10 The Opportunity There has never been a time when corporations have had the reach, the resources, the knowledge, and the expertise to make a difference that we do today. Now, more than ever, corporate leaders have an opportunity to redefined the role of the corporation on a world stage; to leverage our ability to improve the live of people, communities, and nations for the better. Carly Fiorina, CEO Hewlett Packard, October 12, 2002

11 Realities: Changing Role of the Firm ¯ The New Business Model: Core Competencies –More difficult to perform labor market functions –Unstable boundaries: Unstable Partnerships –Premium on Flexibility; Adaptability to Uncertainty ¯ Increased Role of Knowledge/Human Capital –Knowledge Workers or Work Systems? ¯ Must Work Collaboratively with other Institutions ¯ Todays Reality: Diversity in Organization Forms ¯ Transparency, Trust, & Accountability: Laws, Leadership, & Employee Voce

12 Multiple Purposes of the Next Generation Unions Next Generation Unions Political Voice Direct Participation Coalition Partner Mobility & Occupational Community Collective Bargaining Strategic Partnerships

13 The Realities: Void in Worker Voice ¯ Workplace –Pre-depression levels of union membership –Representation Gap increasing ¯ Collective bargaining in decline –Cant take wages out of competition –Declining power of the strike ¯ Enterprisestruggling to find a forum –Partnerships, ESOPS, Shareholder Resolutions…. ¯ Absence of voice in national political affairs

14 Will there be a Next Generation Labor Movement? ¯ Diverse Labor Force Wants & Needs Diverse Forms of Participation & Representation ¯ Unions as Extended Networks Require: –Continuous membership over full career –New approach to membership recruitment –New sources of power –New coalitions –Different structures--coordination across union boundaries ¯ Question: Can the labor movement adapt and reform or will it require a rival movement?

15 Emerging Labor Market Institutions Labor Market Intermediaries & Community Groups Job Matching Coordinating Networks Information Services Family Advocacy & Services Training & Life Long Learning Worker Advocacy & Coalition Building

16 Intermediaries & Community Groups ¯ Multiple Functions –Job Matching –Life Long Learning –Advocacy: Living Wages; Work & Family –Institution Building ¯ Major Challenges: –Sustainability –Building Power –Moving to Scale: Having a National Impact

17 Government: A Catalyst for Change? Government Linking Macro Policies Supporting Mobility Investing in Human Capital Experimenting with Self- Governance Setting & Enforcing Minimum Standards Updating Labor Law Experimenting with ADR Promoting State & Local Experiments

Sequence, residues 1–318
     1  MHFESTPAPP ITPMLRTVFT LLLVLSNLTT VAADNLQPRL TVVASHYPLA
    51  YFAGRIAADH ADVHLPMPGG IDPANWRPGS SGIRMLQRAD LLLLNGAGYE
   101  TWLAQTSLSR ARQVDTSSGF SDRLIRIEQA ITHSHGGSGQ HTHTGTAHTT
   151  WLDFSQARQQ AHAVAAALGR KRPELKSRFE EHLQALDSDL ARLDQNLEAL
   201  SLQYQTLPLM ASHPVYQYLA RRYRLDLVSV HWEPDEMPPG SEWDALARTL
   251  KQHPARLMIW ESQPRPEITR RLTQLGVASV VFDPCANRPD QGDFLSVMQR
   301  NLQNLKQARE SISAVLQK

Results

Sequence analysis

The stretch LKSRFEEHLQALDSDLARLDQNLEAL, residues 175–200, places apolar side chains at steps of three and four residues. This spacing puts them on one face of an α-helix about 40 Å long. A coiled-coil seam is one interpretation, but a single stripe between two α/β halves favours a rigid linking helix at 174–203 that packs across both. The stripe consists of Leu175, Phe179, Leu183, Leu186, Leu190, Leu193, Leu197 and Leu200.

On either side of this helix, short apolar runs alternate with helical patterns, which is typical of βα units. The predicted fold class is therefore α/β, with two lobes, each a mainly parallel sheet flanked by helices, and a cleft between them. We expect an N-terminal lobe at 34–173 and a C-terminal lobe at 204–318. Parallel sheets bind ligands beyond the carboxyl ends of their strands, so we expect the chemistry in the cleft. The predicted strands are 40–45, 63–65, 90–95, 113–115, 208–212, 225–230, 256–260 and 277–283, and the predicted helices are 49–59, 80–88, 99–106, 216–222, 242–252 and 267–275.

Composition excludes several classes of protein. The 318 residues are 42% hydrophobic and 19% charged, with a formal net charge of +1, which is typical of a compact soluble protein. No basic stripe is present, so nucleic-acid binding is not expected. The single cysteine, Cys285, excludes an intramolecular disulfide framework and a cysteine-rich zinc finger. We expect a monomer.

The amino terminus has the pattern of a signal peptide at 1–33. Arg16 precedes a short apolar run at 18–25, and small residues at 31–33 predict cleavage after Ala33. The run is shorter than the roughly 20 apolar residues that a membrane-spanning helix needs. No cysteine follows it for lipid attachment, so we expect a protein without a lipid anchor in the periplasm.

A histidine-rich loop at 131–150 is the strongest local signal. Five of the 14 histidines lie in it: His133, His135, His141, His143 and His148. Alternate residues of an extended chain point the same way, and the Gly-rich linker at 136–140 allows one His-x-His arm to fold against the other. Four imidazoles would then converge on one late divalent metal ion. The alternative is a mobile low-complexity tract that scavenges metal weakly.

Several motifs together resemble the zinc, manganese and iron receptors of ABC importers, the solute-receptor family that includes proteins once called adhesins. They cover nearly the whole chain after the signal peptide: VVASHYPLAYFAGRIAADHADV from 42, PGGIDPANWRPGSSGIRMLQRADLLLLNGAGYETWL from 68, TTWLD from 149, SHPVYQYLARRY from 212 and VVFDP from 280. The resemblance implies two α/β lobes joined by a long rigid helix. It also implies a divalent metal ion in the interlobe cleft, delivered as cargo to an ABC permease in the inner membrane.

18 Current Realities ¯ Demise of the U.S. Department of Labor –From the days of George Shutlz & John Dunlop –To a silent White House Puppet ¯ Current Assaults on Worker Rights –Department of Homeland Security: Collective bargaining cannot be allowed because it is a threat to national security. ¯ Continuing Business-Labor Gridlock

19 A Shadow Government Policy: A Realignment of Roles ¯ Federal Govt. as Catalyst for Change ¯ Increased Role for State & Local Govt. ¯ Increased Role for International Agencies –ILO, IMF, World Bank, WTO…and NGOs ¯ A Comprehensive Reform/Updating of labor and Employment Law ¯ Greater reliance on private institutions for enforcement/dispute resolution ¯ Return to Professional Leadership in Labor & Employment Policy

20 The New Approach in Action: Building a Family Centered Labor Market Policy ¯ Firm-Based Family Friendly Policies ¯ Employee Participation to Support Use and Adapt Government Regulations ¯ Collective Bargaining to Expand Coverage ¯ Networks to Promote Family Based Model ¯ State, Federal Policies to Fill Gaps, Extend Coverage, Provide Resources, Support Local Adaptations & Experiments

21 Making it Happen ¯ New Ideas ¯ More Innovations ¯ Public Engagement ¯ Full Range of Voices: Labor, Management, Community Groups, Women & Family Advocates…. ¯ National Leadership?

Download ppt "Americas Choice: Class Conflict or a New Social Contract at Work The Future of Work Conference Thomas A. Kochan MIT Institute for Work & Employment Relations."

Similar presentations

Ads by Google